Monday, September 6, 2010

The Civil War minis are here!

My new Civil War armies have just arrived and I couldn't be more excited! I'm like a kid again. :)

I have been planning and working on the composition, layout, and other details of these Civil War Armies since my trip to Gettysburg last Fall. It took most of a year, but the project is now complete and the playing can begin.

The figures are Sash and Saber, Old Glory 2nd Edition, Foundry, and a few Perrys. The quality of the figures is quite good, but the painting is what really makes them sing. All hail Scott MacPhee, the artist that was good enough to take on the job of painstakingly painting and basing hundreds of miniature figures.

Scott is a rarity these days: a craftsman of the old school who is dedicated to creating works of art through hard work, talent, and skill. What he was able to do with these pieces of lead is truly amazing. His artistry brought these miniatures to LIFE, and now I have the privilege of owning and playing with works of art. You can see Scott's work here on this site and on his Blog (link is listed as one of my favorites), which is truly an inspiration and a pleasure to read.

My first blog showing the figures is a re-fight of Longstreet's attack on the 2nd Day at Gettysburg. I used my rules adaptation of Command and Colors: Ancients/ Battle Cry system by Richard Borg.

Gettysburg Day 2 - Longstreet's Attack

It had been a hard fight the day before, and the Union had taken a good lickin'. Two Union Corps were almost destroyed, but they doled out their share of punishment too. As Lee surveyed the field, he knew that he wanted to hit them again while the memory of their defeat was still fresh in their minds. He needed to hit them hard and drive them off those hills to his front. Once he did that, his boys would keep 'em running...crashing into the rest of the Army of the Potomac as it marched northward to reinforce them. Then it would just be a matter of pressing them...all the way to Washington; and an end to this war.

So how to hit them was the question. Lee sensed hesitation from Ewell over on the left, and A.P. Hill's Corps in the Center had done most of the hard fighting the day before and faced the strongest part of the Union line. The guns that were dug into the hill by that Cemetery would be tough to assault.

And he had found out that it was Hancock's men that had reinforced the I and IX Corps troops as they dug in last night. Those were good men, but they would run just the same if he could give them a good smash. Who would deliver the blow was obvious: It had to be Longstreet. His men were fresh and Hood's Division were the shock troops of the Army of Northern Virginia.

Where seemed pretty sure as well: The Union line was strong in the center and apparently over on the left, but to the right it seemed to just peter out at the end of the ridge as it headed over toward those two big hills on his right.

The attack would need to be made quickly so that Union reinforcements couldn't extend the line.

He gave the order for Longstreet to get his men in position and to make the attack as soon as possible. Longstreet wanted to avoid a fight here and swing around the enemy to the south, but not knowing exactly where the other Union Corps were because of his missing cavalry, Lee didn't dare to maneuver in the face of the enemy. He thought that it was much safer to smash this part of the enemy army to bits before the rest showed up. Longstreet didn't seem enthusiastic, but he was a good soldier. He would obey and drive the enemy.

As Longstreet lost several hours waiting for his Third Division, and then when ordered to move regardless, getting his men in position without being seen by the enemy, Sickles' III Corps appeared and extended the Union line southward. Now Longstreet's attack would head directly into these newly arrived troops. And when Sickles moved his forces forward to occupy the Peach Orchard, Longstreet's men were directly in his front. A collision was inevitable.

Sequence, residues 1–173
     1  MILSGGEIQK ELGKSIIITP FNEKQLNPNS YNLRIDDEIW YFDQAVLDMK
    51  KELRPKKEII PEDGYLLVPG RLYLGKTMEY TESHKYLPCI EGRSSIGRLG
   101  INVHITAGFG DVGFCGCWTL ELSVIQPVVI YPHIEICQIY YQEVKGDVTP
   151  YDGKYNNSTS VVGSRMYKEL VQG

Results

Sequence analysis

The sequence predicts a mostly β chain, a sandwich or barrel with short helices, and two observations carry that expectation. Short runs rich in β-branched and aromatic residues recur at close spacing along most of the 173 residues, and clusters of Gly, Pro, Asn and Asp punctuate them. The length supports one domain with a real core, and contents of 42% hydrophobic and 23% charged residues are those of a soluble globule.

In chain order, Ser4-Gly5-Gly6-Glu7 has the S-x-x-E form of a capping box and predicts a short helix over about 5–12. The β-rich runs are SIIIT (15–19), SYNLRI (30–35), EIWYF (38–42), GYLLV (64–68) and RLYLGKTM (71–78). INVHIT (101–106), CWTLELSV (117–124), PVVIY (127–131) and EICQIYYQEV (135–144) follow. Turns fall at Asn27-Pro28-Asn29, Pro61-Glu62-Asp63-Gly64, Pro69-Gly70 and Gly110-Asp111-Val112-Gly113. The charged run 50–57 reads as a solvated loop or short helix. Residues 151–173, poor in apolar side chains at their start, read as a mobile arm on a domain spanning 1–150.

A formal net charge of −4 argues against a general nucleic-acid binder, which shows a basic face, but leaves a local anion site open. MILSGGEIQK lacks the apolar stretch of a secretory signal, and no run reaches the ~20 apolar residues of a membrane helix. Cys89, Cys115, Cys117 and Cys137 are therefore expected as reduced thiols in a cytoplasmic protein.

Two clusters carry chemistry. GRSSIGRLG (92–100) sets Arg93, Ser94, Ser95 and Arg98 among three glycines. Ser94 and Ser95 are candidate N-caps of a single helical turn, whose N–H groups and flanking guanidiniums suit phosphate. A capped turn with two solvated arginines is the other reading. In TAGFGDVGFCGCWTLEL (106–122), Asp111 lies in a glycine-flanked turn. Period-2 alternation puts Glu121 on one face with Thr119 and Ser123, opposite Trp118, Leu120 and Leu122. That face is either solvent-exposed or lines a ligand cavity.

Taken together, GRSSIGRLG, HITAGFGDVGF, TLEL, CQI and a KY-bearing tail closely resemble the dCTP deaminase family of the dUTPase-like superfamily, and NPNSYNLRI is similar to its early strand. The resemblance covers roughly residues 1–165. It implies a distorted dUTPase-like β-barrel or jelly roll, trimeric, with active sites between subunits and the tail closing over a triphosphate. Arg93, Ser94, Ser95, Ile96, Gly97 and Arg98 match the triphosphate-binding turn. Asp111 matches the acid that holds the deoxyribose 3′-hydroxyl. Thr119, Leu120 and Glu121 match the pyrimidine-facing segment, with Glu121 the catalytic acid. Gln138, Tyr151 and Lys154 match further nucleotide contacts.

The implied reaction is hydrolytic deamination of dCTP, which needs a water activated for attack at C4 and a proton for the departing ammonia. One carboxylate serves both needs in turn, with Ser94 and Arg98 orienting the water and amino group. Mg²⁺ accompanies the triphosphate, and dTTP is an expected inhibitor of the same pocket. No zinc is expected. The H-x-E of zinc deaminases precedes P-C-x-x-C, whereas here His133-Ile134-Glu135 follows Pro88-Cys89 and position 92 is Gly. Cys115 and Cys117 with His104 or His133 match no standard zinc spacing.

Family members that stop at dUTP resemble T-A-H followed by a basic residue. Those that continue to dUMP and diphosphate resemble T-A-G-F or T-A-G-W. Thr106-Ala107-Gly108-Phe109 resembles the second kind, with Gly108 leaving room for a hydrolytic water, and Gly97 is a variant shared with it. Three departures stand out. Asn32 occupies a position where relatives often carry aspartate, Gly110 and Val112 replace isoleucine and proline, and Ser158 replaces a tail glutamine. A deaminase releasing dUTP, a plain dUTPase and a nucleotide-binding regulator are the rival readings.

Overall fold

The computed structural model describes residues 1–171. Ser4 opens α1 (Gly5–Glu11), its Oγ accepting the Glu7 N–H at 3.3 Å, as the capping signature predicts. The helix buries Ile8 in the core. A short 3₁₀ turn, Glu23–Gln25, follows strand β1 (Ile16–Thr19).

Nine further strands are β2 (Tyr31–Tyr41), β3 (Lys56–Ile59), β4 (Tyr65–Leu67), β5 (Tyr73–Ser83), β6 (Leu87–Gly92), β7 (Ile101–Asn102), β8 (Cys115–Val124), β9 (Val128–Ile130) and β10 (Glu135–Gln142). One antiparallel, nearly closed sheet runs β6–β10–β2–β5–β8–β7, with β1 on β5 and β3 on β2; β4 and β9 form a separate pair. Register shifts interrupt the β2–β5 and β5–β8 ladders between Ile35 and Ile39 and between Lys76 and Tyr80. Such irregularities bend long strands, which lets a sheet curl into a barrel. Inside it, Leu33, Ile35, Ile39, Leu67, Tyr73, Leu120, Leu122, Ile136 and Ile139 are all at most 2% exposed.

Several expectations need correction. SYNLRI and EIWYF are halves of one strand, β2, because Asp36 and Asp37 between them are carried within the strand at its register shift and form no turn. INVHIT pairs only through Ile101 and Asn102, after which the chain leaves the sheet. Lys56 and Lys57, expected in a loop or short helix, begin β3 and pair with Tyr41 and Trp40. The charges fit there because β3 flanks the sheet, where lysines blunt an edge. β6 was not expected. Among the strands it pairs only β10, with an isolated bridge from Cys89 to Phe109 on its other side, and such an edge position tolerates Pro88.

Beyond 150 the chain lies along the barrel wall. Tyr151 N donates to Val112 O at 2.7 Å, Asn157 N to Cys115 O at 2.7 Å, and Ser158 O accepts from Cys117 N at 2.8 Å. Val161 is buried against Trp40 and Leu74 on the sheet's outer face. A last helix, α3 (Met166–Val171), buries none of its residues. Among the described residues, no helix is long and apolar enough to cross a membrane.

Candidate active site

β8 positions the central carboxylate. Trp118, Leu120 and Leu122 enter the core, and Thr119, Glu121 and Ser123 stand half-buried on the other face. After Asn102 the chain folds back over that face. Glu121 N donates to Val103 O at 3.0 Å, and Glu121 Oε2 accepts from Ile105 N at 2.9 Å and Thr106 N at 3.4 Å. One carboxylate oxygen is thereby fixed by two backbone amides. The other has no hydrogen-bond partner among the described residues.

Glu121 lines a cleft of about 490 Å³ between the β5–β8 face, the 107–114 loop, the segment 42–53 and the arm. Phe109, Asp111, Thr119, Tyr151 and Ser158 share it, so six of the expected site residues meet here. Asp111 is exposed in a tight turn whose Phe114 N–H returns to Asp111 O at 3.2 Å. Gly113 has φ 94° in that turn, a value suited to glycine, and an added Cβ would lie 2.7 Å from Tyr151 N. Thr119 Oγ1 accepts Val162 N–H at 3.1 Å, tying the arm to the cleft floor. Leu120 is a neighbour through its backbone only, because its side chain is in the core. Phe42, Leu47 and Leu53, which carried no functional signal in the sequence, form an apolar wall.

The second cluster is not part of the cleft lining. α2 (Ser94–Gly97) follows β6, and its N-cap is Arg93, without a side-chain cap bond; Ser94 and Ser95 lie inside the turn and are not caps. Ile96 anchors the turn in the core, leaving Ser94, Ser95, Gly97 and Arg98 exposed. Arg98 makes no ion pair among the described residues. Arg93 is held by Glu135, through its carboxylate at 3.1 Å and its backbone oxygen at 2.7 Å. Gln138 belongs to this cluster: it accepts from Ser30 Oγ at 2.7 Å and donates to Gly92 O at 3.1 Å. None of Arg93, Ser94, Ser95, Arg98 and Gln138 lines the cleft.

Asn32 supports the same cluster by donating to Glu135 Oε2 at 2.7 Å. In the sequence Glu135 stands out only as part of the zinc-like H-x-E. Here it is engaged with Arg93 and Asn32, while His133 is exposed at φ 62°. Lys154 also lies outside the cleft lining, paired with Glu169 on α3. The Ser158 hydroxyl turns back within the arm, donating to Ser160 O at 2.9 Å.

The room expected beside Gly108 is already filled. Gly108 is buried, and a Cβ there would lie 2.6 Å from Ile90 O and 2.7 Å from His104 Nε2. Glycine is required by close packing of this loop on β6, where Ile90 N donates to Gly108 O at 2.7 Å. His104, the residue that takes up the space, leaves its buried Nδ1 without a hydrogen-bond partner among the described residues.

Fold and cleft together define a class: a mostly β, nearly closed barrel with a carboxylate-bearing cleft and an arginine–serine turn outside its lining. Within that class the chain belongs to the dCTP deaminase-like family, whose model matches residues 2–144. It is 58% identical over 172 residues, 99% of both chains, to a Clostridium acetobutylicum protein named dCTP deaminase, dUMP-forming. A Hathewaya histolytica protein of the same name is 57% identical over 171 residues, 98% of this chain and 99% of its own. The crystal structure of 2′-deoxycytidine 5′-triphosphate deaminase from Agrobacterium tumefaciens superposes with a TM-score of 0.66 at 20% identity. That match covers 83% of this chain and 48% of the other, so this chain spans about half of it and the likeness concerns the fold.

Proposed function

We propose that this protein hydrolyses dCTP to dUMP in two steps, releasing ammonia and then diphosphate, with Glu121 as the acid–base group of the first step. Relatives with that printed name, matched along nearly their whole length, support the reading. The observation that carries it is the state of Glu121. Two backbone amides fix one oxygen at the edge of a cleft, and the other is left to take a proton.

Graham's Brigade of Birney's Division occupies the Peach Orchard.

DeTrobriand's Brigade of Birney's Division occupies Rose's Woods south of the Wheat Field.

Meade's Headquarters behind Cemetery Ridge was distant enough from events on the Union Left Flank so that many decisions had to be made by the officers at hand. The battle would be won or lost on their initiative.

Longstreet's I Corp Artillery opens fire on Graham's men in the Peach Orchard to start the action at 4:00 pm on July 2, 1863.

Hood's Division was on the Confederate right flank and lead the attack. Robertson's and Anderson's Brigades...

...and Law and Benning's Brigades on their right.

At 4:00pm Longstreet gave the signal for the attack to begin.

I can see them! Union left flank 4:00 - 5:00pm

Hood's Division starts to advance...

4 Brigades cross the Emmitsburg Road as they head toward Rose's Woods and the Union left flank.

Meanwhile Ward's Brigade waits around the Devil's Den.

Skirmishers from the 1st U.S. Sharpshooters fall back and report the rebel advance. Busy re-directing Strong Vincent's Brigade of reinforcements from V Corps to extend his line into the woods south of Devil's Den, Sickles shouts back, "They're moving up right in front of me, I can see them."

Union Left in Danger 5:00 - 6:30pm

Law and Benning's Brigades head directly for the extreme end of the Union left flank south of Devil's Den.

After a brief but bitter fire fight, Law's Brigade wraps around the left flank of Sickles' line.
In a bloody running fight, the union troops withdraw back toward Little Round Top while the Confederate units continue to hammer them and swing to their left.

Eventually the battered remnant of Vincent's Brigade rallies around the Colonel of the 20th Maine near the crest of the rocky knoll.

But the resistless tide on Rebels sweeps over them led by the famous, Colonel William Calvin Oates (3rd President of the Confederate States of America).

Supported by part of Robertson's Brigade led by Hood himself, the Confederate attack looks like it will break the Union left and drive the enemy from the field.

Sickles rides to the extreme left and orders his men to stand firm.

Hood urges his men forward into Devil's Den and down the slope of Little Round Top to finish the Union left flank. Meanwhile the rest of Sykes V Corps arrives...